Artist — Obituaries & World News

Portraits of the Dead Famous

by Sarah Mayhew-Craddock

Hugh Mendes’ exhibition of newspaper obituaries translated into portraits of the great and good, gives Sarah Mayhew-Craddock pause for thought.

A room of famous faces greets me, some staring wistfully into the middle-distance, others holding one’s gaze as I walk around the exhibition space. The faces are flat, one-dimensional portraits, some of them familiar, famous figures, while others are alien to me. But these intently observed, meticulously depicted painted portraits are not flat, thanks to the ability of the artist. On the contrary, this is photo-realistic painterly perfection. The paintings depict clippings of newspaper reports that have been visually transposed from the transient paper page and carefully committed to history. Preserved for posterity, this melancholic collection of hauntingly familiar faces retains a distinct distance, yet also has a sense of the celebratory.

Leap-frogging through time, hanging side by side in a roll-call of the great and the good we are greeted by the gay gaze of the glamorous swimmer and actress Esther Williams, while at the other side of the entrance hangs a pensive Bob Hoskins, void of his familiar cheeky charm.
The contentious character Philip Seymour Hoffman gazes out into the middle-distance from one wall, and Nelson Mandela makes two appearances in the room, once in black and white, the other beaming out from the canvas in full, resplendent colour.
This curious hall of fame appears to only have one thing that unites the sitters – all of them are dead. The paintings are Hugh Mendes obituary paintings, and the enlarged images are taken from newspaper reports from over the past 10 years.

By picking out and painting these portraits Mendes, pictured in his studio, has transformed ephemera into something that is here to stay. He explained to me that the group of actors, politicians, designers, musicians and artists are people he has had a special connection with, either personally, or from a distance. These are people that he’s admired and looked up to, and, appropriately, the portraits hang high on the walls just above eye-level, enhancing that feeling of greatness. For me, the paintings (and two pencil on paper works) present an opportunity to revisit names from history and the legacies they left behind. I might have thumbed past Captain Beefheart and Kevin Ayers on the pages of a newspaper, but, hung on the wall, they give pause for thought – what was/is their significance, and what has moved the artist to depict them out of the many names and faces that adorn these pages of remembrance? Boasting his own fanbase, Mendes exhibits internationally, his paintings are held in important collections worldwide and adorn the walls of the likes of Jerry Hall, Kenny Schachter, and Bill Wyman. Freezing ephemera in time through the act of painting, Mendes refers to his works as reflecting the 17th century tradition of still life paintings.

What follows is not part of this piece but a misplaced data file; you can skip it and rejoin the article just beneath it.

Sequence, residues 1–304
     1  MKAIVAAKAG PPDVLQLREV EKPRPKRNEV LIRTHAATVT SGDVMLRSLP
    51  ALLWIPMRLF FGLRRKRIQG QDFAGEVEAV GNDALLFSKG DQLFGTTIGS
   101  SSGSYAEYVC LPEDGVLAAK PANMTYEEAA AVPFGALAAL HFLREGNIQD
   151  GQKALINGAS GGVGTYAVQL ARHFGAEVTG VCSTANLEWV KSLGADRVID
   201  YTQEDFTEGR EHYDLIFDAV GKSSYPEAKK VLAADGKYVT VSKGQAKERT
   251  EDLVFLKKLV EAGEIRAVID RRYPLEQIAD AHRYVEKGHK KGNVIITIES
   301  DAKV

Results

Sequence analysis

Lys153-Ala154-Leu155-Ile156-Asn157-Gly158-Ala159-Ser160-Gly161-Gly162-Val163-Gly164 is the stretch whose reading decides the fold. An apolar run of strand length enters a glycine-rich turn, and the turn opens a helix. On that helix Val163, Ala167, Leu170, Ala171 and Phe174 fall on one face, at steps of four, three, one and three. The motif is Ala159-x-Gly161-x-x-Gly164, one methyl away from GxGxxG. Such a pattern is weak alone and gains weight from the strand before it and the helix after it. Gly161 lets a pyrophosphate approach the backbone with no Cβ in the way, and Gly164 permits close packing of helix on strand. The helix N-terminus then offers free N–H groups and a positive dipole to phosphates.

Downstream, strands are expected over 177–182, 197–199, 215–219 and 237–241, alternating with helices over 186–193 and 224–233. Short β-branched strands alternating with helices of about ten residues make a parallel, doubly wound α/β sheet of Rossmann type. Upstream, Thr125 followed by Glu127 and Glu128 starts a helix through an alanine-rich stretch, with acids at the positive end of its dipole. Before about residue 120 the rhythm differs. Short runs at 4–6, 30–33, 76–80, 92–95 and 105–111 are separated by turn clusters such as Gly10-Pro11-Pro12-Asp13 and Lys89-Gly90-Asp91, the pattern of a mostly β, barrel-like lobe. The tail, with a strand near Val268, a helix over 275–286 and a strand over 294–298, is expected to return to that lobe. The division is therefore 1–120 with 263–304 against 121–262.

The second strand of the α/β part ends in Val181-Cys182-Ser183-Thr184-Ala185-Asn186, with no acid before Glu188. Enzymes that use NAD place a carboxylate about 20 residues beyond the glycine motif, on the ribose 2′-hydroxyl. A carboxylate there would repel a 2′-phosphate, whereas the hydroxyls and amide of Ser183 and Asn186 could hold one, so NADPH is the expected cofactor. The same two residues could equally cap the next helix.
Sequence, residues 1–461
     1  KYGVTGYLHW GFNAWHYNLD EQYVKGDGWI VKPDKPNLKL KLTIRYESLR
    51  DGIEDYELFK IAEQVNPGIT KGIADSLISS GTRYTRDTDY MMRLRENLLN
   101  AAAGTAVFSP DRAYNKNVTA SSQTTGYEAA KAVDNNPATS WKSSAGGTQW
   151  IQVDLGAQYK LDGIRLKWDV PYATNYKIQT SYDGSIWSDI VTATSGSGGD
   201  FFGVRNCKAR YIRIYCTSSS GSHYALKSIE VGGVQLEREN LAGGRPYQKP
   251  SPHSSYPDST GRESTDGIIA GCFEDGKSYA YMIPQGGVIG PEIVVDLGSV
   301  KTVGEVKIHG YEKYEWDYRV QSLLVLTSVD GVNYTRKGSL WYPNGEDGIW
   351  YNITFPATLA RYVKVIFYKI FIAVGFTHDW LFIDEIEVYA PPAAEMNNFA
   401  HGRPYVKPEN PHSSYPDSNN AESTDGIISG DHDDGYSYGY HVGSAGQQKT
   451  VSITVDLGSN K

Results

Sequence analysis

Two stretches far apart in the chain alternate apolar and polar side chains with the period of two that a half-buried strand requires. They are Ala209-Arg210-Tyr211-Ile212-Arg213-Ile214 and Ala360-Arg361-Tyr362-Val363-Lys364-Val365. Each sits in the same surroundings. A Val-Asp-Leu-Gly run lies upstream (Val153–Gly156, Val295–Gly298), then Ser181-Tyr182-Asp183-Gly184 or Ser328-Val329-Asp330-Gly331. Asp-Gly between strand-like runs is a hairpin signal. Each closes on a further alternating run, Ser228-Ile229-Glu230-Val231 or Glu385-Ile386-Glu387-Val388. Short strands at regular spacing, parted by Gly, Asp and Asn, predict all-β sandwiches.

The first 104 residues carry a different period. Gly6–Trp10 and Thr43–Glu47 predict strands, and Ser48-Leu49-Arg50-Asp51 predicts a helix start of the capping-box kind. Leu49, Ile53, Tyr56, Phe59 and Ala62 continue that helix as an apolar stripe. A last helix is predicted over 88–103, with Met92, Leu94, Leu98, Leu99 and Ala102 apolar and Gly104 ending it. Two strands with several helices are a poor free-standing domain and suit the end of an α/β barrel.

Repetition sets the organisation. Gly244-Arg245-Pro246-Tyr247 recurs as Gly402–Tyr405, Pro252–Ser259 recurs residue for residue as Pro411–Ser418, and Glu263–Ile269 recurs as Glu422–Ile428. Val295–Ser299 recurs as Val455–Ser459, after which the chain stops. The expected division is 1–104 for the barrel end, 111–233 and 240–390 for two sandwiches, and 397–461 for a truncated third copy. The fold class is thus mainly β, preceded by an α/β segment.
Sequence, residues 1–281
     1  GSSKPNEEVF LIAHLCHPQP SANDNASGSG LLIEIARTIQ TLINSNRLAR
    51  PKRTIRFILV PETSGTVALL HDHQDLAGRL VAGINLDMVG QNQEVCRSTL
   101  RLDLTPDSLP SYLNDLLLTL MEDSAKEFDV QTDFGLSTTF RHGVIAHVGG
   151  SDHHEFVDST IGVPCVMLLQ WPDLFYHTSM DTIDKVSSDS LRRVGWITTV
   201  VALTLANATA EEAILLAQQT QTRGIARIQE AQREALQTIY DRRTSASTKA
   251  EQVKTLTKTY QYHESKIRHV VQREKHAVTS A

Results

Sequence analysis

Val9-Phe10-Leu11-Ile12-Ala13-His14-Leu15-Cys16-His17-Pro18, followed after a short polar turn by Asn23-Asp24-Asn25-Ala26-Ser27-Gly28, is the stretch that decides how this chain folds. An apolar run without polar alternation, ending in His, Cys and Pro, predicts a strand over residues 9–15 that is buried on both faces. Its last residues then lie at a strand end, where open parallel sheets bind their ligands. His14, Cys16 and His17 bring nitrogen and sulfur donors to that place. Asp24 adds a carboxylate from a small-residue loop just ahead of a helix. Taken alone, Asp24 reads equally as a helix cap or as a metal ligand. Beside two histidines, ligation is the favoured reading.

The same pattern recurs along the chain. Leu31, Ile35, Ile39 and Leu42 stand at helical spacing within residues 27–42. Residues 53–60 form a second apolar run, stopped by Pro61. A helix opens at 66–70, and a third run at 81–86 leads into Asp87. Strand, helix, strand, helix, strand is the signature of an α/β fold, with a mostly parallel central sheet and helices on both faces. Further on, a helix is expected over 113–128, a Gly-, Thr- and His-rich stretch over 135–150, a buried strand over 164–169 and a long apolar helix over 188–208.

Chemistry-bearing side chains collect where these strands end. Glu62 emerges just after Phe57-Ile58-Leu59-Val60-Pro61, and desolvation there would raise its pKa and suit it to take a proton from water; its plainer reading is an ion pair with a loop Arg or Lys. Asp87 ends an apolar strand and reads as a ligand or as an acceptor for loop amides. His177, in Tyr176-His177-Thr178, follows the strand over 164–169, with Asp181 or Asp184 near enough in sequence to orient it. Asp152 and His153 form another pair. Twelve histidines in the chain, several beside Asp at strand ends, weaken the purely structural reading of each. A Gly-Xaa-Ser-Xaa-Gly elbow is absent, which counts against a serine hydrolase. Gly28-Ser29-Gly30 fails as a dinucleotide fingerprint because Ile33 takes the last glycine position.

And so we progress through to the next exhibition space where a series of paintings of iconic images commemorating the 100th anniversary of the Great War hang on the walls. Captain Stubby, a dog laden with medals, stands opposite an image from The Guardian, accompanied by the headline “Anti-war activists battle to get their voices heard in events marking WW1 centenary”. These WWI related images command more time and space from the viewer, they are hung more sparingly, given more space to breathe and made even more poignant by the fact that Mendes was born on Armistice Day in a British military hospital in Germany: his mother a nurse and his father a British Intelligence code breaker. Using the same approach as with his obituaries, ephemeral newspaper cuttings are elevated to poignant memorials for those who served and died.

Hugh Mendes is a fascinating artist and this is a fantastic introduction to his work presented by the High House Gallery. The exhibition is one of the best I’ve seen in the area for a long time.

Oxford Times 19 June 2014

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